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Quote:
Originally posted by Drum God
Couldn't this be settled by a simple experiment. Find a couple of days where the weather is forcast to be the same -- same cloud cover, daytime temp, etc. On day one, leave the thermo at a comfortable temp all day and record how much electricity (and/or gas)went through the meter. On the second day, lower the daytime thermo and see if a different amount of fuel passed through the meter.
You can experiment and the results will confirm what I said or the experiment was done wrong. We are talking about something pretty basic here. There are plenty of people out there doing experiments and getting results which contradict the most basic laws of physics. That does not mean their experiments are correct.
Quote:
Originally posted by Drum God
In warmer regions, does the same rule about heat-loss (or gain) apply when air-conditioning the house? Is it better to warm the house during the day, then bring it back to cool after work?
Yes, the same rule applies. The warmer the house at any given moment, the more you save. There is no "it costs *more* to cool it later. It also applies to water heaters and any other similar instance.
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Old 01-10-2003, 01:26 PM
pipper pipper is offline
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Optimal settings aside, I will say that I just purchased a new Honeywell programmable thermostat that I think is excellent. It has a modifiable feedback loop that gives it a type of "learning ability". Over the course of a few days it recognizes how quickly your house increases/decreases temperature and adjusts itself to turn the furnace on/off at the proper time. So you no longer have guess that turning the thermostat back up at 5:30 should result in it being warm by 6:00- the unit learns this on its own. It constantly monitors the rate of temperature change which allows it to gradually accomodate for decreasing/increasing outdoor temperatures. Probably not as big a deal for forced air systems that make a house feel warmer as soon as they kick in, but it certainly has been a lot nicer for our slower radiator system (it also seems to regulate a constant temperature better and doesn't overshoot the setting like the old themostat).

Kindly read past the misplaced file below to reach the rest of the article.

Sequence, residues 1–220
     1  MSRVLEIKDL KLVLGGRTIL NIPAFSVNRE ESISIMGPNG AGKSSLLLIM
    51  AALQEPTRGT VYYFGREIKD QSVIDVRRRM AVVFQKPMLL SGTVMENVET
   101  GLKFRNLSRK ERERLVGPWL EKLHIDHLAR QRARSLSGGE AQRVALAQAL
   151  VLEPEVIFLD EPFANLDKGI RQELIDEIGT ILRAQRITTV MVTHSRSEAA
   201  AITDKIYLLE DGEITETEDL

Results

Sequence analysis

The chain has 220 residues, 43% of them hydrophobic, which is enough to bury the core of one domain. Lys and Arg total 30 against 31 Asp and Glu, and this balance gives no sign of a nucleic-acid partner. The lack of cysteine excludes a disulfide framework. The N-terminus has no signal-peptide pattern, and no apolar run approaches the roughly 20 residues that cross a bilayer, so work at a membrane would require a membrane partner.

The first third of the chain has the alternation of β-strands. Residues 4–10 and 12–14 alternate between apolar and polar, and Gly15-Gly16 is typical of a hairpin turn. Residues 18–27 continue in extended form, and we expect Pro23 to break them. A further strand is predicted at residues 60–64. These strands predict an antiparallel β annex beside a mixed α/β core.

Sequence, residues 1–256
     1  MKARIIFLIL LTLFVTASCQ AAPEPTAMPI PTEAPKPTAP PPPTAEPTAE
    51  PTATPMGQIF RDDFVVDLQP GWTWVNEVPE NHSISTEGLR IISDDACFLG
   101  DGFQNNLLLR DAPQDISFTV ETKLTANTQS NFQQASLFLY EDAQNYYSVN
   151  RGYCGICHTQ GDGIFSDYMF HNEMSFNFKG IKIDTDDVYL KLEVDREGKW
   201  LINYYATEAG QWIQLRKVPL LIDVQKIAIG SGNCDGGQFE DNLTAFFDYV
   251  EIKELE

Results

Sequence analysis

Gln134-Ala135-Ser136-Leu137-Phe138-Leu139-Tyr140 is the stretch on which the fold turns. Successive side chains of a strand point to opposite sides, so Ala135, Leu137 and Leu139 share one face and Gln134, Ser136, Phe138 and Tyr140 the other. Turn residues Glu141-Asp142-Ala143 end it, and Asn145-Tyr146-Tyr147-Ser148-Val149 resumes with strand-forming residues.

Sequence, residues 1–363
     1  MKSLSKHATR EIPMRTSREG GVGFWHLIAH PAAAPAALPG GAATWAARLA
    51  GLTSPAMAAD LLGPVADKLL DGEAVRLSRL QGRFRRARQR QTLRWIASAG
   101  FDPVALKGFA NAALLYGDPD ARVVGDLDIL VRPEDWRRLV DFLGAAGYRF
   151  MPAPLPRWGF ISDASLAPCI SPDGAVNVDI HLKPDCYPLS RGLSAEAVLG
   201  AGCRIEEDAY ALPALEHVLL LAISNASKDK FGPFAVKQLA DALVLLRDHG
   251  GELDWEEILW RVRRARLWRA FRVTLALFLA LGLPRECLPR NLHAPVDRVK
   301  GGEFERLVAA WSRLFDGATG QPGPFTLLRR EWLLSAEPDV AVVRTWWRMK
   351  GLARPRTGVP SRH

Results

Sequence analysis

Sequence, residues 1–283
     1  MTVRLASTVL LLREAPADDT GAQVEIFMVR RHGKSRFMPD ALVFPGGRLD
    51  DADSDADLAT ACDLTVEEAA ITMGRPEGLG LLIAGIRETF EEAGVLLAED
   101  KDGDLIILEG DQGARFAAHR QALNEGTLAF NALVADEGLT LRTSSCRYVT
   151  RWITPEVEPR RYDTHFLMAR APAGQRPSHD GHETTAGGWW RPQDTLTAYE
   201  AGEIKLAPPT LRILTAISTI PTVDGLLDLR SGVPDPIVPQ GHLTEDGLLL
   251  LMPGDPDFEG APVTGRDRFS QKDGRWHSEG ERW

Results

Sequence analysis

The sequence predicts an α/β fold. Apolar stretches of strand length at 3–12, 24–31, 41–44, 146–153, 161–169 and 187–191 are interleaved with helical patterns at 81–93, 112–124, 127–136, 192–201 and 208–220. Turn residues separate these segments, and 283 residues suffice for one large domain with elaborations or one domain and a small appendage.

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Old 01-10-2003, 01:37 PM
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What if you used a heat pump instead of gas? Would it make sense to keep the house warmer in the daytime (when it is cheaper to pump heat into the house because the ambient temperature is relatively high) and count on retention of that daytime cheap heat to keep you cozy all night or would it be better to use the same strategy as you would for a gas furnace where you would do most of your heating at night.

(Actually, the real question I want the answer to is what strategy to use in the summer with air conditioning.)
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Old 01-10-2003, 01:42 PM
pipper pipper is offline
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Actually you don't want to use a set-back strategy with a heat pump. Most heat pumps have an inefficient secondary heating element (usually electrical) that helps boost the temps quickly. If you set the themostat down, when it comes time to reheat the house you'll be doing it with the secondary element which ends up being more costly than having let the heat pump maintain a constant temp.
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Old 01-10-2003, 01:50 PM
sailor sailor is offline
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Anthracite, I believe you are making it more complex than it needs to be. A house loses heat directly in proportion to the temperature difference with the outside and the conductivity. It is a simple differential equation similar to the discharge of a capacitor across a resistor. (I am not going to attempt posting formulas with sub and superindices here).

The furnace would be represented by a current source so, the mathematical model is extremely simple and there's no need to specify specific values of temperatures or insulation. It is easy to design an electronic circuit which has the same behavior and then you can just observe it.

An extra complication is when you have hydronic heating as this inserts an extra delay in the system which really complicates it. That was my case. When you set the thermostat up the furnace starts, The water in the radiators gets very hot before the room temperature gets up to the set point. Then, even though the furnace shuts off, the water continues to transmit heat out. The mathematical model is a bit more complex but not much. These are simple problems of feedback and control systems.
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Old 01-10-2003, 01:54 PM
Una Persson Una Persson is offline
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OK, I made some simplifying assumptions. I hope they are not wrong.

Assumption 2: House interior allowed to cool to 50 F until 4:00pm. Then is increased to 70F over one hour. Assume (nearly) constant drop of interior temps over the day.